JOURNAL ARTICLE

First-trimester screening for trisomies 21 and 18

Ronald Wapner, Elizabeth Thom, Joe Leigh Simpson, Eugene Pergament, Richard Silver, Karen Filkins, Lawrence Platt, Maurice Mahoney, Anthony Johnson, W Allen Hogge, R Douglas Wilson, Patrick Mohide, Douglas Hershey, David Krantz, Julia Zachary, Rosalinde Snijders, Naomi Greene, Rudy Sabbagha, Scott MacGregor, Lyndon Hill, Alain Gagnon, Terrence Hallahan, Laird Jackson
New England Journal of Medicine 2003 October 9, 349 (15): 1405-13
14534333

BACKGROUND: Screening for aneuploid pregnancies is routinely performed after 15 weeks of gestation and has a sensitivity of approximately 65 percent, with a false positive rate of 5 percent. First-trimester markers of aneuploidy have been developed, but their use in combination has not been adequately evaluated in clinical practice.

METHODS: We conducted a multicenter study of screening for trisomies 21 and 18 among patients with pregnancies between 74 and 97 days of gestation, based on maternal age, maternal levels of free beta human chorionic gonadotropin and pregnancy-associated plasma protein A, and ultrasonographic measurement of fetal nuchal translucency. A screening result was considered to be positive for trisomy 21 if the calculated risk was at least 1 in 270 pregnancies and positive for trisomy 18 if the risk was at least 1 in 150.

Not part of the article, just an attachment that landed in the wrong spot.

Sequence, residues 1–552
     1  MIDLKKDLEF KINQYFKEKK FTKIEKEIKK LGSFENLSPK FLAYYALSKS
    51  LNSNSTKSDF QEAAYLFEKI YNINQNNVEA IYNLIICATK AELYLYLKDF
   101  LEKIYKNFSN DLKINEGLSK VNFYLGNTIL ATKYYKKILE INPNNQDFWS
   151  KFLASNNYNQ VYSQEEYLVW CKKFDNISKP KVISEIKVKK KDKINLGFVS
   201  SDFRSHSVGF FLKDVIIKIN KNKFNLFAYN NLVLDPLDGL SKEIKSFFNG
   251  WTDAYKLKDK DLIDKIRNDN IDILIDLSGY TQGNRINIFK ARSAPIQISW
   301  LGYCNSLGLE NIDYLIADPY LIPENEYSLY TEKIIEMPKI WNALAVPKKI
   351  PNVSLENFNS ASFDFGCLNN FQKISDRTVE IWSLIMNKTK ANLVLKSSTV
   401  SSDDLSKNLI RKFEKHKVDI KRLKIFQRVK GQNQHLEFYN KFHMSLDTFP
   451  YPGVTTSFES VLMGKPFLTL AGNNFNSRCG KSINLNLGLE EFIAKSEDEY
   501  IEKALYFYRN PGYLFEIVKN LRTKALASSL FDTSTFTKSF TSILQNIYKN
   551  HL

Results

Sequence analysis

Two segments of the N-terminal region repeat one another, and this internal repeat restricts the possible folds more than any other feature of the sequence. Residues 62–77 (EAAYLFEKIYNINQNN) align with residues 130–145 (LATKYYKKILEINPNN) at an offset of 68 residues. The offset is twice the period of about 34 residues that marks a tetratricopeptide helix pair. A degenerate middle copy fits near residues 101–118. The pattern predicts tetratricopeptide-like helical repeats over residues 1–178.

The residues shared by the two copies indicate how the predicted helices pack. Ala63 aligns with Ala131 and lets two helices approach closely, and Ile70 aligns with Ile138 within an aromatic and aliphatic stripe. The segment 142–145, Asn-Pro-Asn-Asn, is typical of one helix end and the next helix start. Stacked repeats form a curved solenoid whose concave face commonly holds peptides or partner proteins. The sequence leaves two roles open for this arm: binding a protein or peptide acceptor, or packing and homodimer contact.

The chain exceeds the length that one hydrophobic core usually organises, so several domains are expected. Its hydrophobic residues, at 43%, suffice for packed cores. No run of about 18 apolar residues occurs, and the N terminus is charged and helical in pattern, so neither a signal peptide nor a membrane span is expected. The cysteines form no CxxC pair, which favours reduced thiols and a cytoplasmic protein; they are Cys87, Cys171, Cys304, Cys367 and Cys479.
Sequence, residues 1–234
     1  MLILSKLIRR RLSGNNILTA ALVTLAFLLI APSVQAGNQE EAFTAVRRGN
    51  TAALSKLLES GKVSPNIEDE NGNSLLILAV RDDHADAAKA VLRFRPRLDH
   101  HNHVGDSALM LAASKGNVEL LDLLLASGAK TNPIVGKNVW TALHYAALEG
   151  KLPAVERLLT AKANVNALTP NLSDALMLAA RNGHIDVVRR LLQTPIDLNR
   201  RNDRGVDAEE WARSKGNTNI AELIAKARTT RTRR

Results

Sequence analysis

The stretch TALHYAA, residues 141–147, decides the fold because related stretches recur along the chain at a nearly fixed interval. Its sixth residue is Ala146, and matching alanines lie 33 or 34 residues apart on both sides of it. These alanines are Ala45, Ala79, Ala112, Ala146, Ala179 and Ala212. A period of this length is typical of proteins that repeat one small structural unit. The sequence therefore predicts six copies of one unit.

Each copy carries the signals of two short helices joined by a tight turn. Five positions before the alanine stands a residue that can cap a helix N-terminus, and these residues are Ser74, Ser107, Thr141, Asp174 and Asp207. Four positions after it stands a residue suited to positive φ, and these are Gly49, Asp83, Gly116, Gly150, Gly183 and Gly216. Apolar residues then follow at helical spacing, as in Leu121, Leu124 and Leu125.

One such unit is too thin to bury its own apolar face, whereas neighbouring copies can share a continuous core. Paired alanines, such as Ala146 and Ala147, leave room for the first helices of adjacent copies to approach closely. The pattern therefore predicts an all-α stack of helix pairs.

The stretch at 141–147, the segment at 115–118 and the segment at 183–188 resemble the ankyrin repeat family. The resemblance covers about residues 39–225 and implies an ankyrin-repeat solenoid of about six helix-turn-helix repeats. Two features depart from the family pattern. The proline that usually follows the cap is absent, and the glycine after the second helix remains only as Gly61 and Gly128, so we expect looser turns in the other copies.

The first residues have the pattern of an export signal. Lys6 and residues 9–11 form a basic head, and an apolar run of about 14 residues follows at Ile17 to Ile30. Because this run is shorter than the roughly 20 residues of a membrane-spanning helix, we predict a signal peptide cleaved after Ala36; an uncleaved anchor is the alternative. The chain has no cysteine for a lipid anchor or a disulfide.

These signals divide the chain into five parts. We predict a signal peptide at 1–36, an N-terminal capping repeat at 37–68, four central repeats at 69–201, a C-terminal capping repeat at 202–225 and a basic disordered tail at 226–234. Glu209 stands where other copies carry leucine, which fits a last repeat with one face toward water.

RESULTS: Screening was completed in 8514 patients with singleton pregnancies. This approach to screening identified 85.2 percent of the 61 cases of Down's syndrome (95 percent confidence interval, 73.8 to 93.0), with a false positive rate of 9.4 percent (95 percent confidence interval, 8.8 to 10.1). At a false positive rate of 5 percent, the detection rate was 78.7 percent (95 percent confidence interval, 66.3 to 88.1). Screening identified 90.9 percent of the 11 cases of trisomy 18 (95 percent confidence interval, 58.7 to 99.8), with a 2 percent false positive rate. Among women 35 years of age or older, screening identified 89.8 percent of fetuses with trisomy 21, with a false positive rate of 15.2 percent, and 100 percent of fetuses with trisomy 18.

CONCLUSIONS: First-trimester screening for trisomies 21 and 18 on the basis of maternal age, maternal levels of free beta human chorionic gonadotropin and pregnancy-associated plasma protein A, and measurement of fetal nuchal translucency has good sensitivity at an acceptable false positive rate.

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